Top 9 States with No Income Tax in 2020

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Top 9 States with No Income Tax in 2020

Summary: In this article, find out the top 9 states with no income tax in 2020. We’ll also cover states with no income tax for military, states with no income tax for retirees, and two states with no income tax and no sales tax for all residents. 

Introduction

I think it’s safe to say that everybody wants to lower their tax bill. One way to do this is to live in a state that does not tax your income. Currently, nine states in the U.S. don’t tax wages, with two states (New Hampshire and Tennessee) phasing out all taxes on investment income and interest by the year 2025. 

Preparing for retirement? Good news! There are 11 states with no income tax for retirees. And for retired veterans, all military retirement pay is tax-exempt in 20 states across the nation. 

It’s important to note that states that don’t tax personal income will typically replace any lost revenue with other taxes or by offering fewer services to their residents.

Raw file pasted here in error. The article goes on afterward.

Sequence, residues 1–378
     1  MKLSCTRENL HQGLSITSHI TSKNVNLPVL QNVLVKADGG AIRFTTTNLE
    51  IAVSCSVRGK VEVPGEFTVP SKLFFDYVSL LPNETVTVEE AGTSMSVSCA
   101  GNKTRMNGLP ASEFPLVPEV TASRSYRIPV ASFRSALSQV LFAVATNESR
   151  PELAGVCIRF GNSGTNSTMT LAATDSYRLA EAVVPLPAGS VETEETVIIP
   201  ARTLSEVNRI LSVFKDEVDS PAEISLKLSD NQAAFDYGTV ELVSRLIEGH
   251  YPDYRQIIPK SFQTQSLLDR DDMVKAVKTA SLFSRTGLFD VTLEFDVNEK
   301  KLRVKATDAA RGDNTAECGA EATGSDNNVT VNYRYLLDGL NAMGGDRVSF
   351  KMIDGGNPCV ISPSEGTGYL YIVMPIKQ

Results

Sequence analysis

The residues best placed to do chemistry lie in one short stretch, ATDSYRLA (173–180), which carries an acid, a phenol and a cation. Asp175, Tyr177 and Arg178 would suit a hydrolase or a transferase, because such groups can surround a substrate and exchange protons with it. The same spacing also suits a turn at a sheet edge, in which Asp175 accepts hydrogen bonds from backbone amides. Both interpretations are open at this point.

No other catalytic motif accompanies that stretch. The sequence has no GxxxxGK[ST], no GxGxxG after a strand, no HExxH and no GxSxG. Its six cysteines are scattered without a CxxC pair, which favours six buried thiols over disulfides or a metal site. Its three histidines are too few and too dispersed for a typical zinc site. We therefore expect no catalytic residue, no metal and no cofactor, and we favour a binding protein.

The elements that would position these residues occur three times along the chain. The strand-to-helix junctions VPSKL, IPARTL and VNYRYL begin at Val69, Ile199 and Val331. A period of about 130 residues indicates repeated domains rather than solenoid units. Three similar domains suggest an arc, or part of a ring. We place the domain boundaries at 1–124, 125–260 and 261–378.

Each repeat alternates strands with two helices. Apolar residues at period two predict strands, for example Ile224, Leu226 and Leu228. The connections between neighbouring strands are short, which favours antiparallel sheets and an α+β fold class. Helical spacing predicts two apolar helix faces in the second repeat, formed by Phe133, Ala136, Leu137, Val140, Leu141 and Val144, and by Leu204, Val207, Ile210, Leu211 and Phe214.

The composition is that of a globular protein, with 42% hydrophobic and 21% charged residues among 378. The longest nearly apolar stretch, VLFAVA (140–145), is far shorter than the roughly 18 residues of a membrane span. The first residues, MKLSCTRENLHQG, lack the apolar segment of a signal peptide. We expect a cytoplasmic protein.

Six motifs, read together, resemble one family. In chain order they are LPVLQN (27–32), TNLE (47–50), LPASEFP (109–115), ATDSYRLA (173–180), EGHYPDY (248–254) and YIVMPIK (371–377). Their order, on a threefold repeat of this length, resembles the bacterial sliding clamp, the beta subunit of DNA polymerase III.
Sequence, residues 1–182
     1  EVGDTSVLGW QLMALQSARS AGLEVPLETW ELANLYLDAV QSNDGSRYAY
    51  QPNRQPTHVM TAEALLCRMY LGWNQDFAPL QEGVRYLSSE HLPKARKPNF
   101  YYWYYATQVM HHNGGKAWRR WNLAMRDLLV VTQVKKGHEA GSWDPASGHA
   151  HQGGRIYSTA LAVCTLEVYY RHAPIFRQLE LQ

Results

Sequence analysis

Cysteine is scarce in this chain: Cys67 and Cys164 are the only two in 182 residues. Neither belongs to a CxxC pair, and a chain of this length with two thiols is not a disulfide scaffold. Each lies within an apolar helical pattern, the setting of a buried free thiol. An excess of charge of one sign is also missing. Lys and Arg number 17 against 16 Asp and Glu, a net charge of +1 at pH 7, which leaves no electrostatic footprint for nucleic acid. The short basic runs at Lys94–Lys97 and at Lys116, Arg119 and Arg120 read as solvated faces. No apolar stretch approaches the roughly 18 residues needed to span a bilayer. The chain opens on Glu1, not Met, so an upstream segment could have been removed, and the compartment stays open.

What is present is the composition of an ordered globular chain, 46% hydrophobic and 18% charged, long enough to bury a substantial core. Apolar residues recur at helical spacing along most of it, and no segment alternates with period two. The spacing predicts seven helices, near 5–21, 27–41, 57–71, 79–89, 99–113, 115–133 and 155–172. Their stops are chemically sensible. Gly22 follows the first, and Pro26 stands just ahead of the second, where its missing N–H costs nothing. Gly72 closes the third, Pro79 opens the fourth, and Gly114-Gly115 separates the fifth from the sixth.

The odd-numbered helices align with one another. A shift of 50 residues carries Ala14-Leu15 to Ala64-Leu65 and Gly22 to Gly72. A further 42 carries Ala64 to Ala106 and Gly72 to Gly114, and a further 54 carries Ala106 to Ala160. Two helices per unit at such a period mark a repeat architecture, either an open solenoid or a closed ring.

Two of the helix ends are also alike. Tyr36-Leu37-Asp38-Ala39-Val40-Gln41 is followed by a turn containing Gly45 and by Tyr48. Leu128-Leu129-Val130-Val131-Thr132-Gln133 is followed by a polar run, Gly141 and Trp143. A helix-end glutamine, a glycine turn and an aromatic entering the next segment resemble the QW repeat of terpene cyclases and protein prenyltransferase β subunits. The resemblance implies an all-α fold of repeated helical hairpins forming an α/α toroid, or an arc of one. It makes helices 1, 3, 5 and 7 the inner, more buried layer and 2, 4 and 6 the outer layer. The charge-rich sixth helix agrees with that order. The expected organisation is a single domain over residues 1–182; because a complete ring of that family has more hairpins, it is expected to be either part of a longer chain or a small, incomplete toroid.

9 States with No Income Tax for All

Only nine states in the entire country offer no income tax for all citizens. The following are income tax exempt states: 

Top 9 States with No Income Tax 2020

#1 – Alaska

Alaska has no income tax or sales tax. The state and local tax burden, which includes income, property, sales, and excise taxes is only 5.10% of personal income, making Alaska the lowest in the nation. Keep in mind that the cost of living in Alaska is high, due in large part to its remote location.

Total Tax Burden: 5.10%

#2 – Tennessee

As of 2016, legislation passed a plan to lower taxes on investment income, which will be entirely eliminated by 2021. High sales tax and the highest beer tax in the nation makes up for lost revenue from income tax. The state tax burden in Tennessee is 6.28%, the second lowest in the country. 

Total Tax Burden: 6.28%

#3 – Florida

Florida has no income tax and carries the third lowest tax burden in the country at 6.56%. While sales and property taxes are above the national average, Florida is more affordable than a few other states. With above average housing costs and a high cost of living, Florida ranks 35th in affordability. However, the Sunshine State ranks #13 on the list of “Best States to Live,” according to U.S. News.

Total Tax Burden: 6.56%

#4 – New Hampshire